Labrodex Studios is a developer which enjoys experimenting with both virtual reality (VR) and augmented reality (AR) technology – especially when it comes to dogs. Last year the studio released its first VR experience in the form of Scraper: First Strike, a first-person shooter (FPS) that’s a little underrated. Rather than make a sequel the studio has gone off on a little tangent and created Scraper: Gauntlet, another FPS set in the same universe offering a different gameplay experience.
From first impressions Scraper: Gauntlet is looking to emulate the fast and frantic fixed wave shooters that dominated the VR scene in the early years. You’re equipped with a couple of heavily modifiable gauntlets on each arm, offering both offensive and defensive capabilities, all of which can be upgraded depending on the choices you make.
Scraper: Gauntlet is essentially a VR training simulation, with the storyline centred around humanity fighting a war against deadly robots. As an operative of the Human Resistance Force (HRF), it’s your job to defeat the Humech forces and to do so you’re sent into a lab to retrieve a deadly new weapon. Unfortunately, it’s not as simple as just grabbing it having to unlock the schematics by playing through a succession of levels.
Inside the main lab which functions as the central hub you can wander around via teleporting but for the actual levels themselves, you’re fixed to one location. This has its pros and cons depending on who plays the title. Because there’s no need to worry about moving the team has ensured the gameplay should be comfortable for all players. Labrodex Studios seems very well aware that a bog-standard wave shooter might not be an exciting prospect in the VR era of videogames like Stormland so while Scraper: Gauntlet doesn’t employ movement it tries several other tricks to facilitate dynamic gameplay.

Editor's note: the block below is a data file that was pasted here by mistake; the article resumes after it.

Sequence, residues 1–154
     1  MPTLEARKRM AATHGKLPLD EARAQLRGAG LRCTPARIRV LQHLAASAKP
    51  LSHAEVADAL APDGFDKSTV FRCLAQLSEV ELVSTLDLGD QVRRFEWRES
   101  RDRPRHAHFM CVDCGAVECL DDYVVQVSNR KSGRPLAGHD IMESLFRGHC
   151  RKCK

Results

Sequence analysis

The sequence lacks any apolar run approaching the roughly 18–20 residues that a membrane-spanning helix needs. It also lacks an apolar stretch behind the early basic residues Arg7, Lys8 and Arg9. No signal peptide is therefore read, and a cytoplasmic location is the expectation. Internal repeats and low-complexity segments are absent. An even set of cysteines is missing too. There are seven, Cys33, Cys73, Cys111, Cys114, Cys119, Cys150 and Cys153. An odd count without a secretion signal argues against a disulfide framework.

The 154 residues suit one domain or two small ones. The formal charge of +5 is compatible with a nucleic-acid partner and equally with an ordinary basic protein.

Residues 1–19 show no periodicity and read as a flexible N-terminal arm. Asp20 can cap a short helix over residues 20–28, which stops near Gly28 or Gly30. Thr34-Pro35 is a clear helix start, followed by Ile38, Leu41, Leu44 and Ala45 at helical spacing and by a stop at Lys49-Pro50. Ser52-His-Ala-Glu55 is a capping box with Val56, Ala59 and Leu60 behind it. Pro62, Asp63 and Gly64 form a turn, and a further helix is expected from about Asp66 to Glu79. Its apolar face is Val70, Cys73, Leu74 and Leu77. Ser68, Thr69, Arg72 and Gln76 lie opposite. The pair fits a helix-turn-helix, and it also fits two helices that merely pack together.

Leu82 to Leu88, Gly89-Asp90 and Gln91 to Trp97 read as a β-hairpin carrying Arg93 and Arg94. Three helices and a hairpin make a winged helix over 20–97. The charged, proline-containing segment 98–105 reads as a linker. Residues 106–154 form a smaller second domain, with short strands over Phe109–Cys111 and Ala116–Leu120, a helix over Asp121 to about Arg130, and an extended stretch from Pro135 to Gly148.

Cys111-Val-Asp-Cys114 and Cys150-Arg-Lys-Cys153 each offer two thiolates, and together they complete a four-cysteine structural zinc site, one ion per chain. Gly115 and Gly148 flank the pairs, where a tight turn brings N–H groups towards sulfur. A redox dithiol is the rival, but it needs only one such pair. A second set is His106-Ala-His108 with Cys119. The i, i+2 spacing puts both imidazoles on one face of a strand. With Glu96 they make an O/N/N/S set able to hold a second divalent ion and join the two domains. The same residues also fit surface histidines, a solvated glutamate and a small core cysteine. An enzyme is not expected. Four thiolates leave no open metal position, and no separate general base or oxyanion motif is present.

First up are the level options. You’re not simply thrown into wave after wave of enemies, missions and their subsequent levels do offer choice. You can select one of three each time you’re in the lab, offering a mixture of waves, anywhere from 2 to 6 that VRFocus noticed. In addition to waves, each mission has specific variables such as the enemies encountered, buffs to health/damage and more. Far more essential, missions will gift one upgrade towards improving the weapons, shields or core attributes if completed. Succeed or fail, the mission options will differ each time you play.
Then there’s the gauntlet itself, a mini powerhouse of a weapon system. Located on both arms for dual-wielding, there are three guns to select; the Interrogator (a mini, mini-gun), the Trajector (a bouncing grenade) and the Pulsar (a charged energy beam). Plus there are the two shields and a very handy anti-gravity fluctuator which is basically force grab, picking up enemies to then fling them about like ragdolls.
The assortment covers every eventuality within each level, whether a robot is charging straight at you or sneakily using some cover to hide behind. One failing of a lot of wave shooters is the lack of enemy intelligence, standing there like the Terminator barely doing anything apart from shooting. Scraper: Gauntlet doesn’t seem to suffer this same fate. The basic soldier robots run straight for cover and will use it to get closer, at points even laying on the ground to take shots. Others have their own shields to move and fire mortars. Naturally, one type does exist which full-on charges but that’s kind of expected considering the electrified pole in its hands.
Levels tend to consist of around 5-6 enemies and once a wave is complete a couple of options then appear for the following section, altering the difficultly for a fresh challenge.
A stationary wave shooter always feels a little more of a hard sell in today’s market, as VR fans want more and more from each experience. Variety is the spice of life and Labrodex Studios is definitely trying to make sure Scraper: Gauntlet has that to ensure broad appeal. This early version feels like development is coming along nicely, although VRFocus would love to see some sort of co-op implementation to enjoy with a mate.